New in HuffPo: What It Means to Survive a Hurricane

New in HuffPo: What It Means to Survive a Hurricane

Hurricane Irma photo
JOSE JIMENEZ/GETTY IMAGES

It’s never a good feeling to lock the door to your home, and not know when, if ever, you can really return.

At present, my husband, my 81 year old father and I are hunkered down in a hotel in central Florida. Our home in Miami is in the path for a direct hit from Hurricane Irma; the storm may follow us to where we are, causing us to consider running again. We are luckier than most in that we are able to leave town, and not head to a shelter. Hurricane shelters, contrary to how one sheriff in particular portrays them, are not centers of crime and assault. It is literally a a building (often a school) in a safer area that allows you to lay a blanket on the floor until the danger is over. A shelter is safe but not at all comfortable.

Many of my friends have chosen to stay put in their homes. There are many reasons why folks do not leave. Some can’t afford the crazy airline prices out of town; others worry that it is too late to leave, and don’t want to get caught in the storm due to traffic jams on the major highways.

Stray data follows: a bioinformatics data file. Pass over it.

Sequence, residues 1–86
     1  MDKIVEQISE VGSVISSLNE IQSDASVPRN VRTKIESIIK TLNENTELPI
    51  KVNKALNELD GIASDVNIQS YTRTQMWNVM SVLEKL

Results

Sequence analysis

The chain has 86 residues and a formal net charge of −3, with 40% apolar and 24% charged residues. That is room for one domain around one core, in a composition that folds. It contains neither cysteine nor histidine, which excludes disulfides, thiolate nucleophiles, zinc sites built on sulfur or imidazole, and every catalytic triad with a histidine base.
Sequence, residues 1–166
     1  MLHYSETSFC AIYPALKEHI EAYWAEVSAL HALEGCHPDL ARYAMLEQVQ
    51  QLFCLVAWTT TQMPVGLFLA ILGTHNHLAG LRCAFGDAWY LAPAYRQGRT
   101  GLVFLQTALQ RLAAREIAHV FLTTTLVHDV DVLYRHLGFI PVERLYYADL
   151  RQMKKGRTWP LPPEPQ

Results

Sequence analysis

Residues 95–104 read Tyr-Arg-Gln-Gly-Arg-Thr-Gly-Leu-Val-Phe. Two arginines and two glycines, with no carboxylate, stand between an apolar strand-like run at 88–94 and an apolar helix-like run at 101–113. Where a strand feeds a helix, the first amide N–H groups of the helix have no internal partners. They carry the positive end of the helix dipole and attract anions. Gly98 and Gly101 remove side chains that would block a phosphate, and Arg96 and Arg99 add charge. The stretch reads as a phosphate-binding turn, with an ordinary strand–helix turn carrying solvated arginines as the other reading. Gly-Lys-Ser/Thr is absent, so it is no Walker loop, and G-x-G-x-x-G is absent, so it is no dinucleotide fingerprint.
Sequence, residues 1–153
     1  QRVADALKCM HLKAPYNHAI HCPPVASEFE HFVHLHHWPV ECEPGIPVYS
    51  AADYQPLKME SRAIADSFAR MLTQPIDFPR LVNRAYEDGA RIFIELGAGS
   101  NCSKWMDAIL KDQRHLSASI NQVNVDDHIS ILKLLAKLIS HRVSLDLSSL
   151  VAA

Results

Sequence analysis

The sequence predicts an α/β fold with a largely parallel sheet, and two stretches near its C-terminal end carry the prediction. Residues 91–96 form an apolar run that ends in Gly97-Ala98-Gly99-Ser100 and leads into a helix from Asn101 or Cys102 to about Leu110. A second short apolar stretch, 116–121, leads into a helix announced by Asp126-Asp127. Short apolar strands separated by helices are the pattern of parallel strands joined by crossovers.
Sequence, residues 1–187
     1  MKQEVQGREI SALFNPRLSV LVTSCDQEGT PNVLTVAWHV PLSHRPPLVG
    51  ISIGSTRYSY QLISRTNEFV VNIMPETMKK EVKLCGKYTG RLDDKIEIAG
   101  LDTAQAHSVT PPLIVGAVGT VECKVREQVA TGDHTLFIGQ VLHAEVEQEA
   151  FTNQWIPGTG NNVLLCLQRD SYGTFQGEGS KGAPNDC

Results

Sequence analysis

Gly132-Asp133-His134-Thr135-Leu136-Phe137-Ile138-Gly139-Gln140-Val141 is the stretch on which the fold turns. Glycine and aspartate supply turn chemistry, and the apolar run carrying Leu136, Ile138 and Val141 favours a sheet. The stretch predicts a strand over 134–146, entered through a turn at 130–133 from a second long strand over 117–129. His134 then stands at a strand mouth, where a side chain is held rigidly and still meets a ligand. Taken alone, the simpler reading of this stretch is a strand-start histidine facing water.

Recently, it has come to light that some in the media show great disparities in how they report the aftermath of hurricane, based on race. Many of us reflect back to Hurricane Katrina, where there were pictures of residents doing whatever they need to do to survive. Unfortunately, when white folks were depicted taking food or items from stores, they were portrayed as survivors. When people of color did the same, they were portrayed as looters.

Read the rest here.

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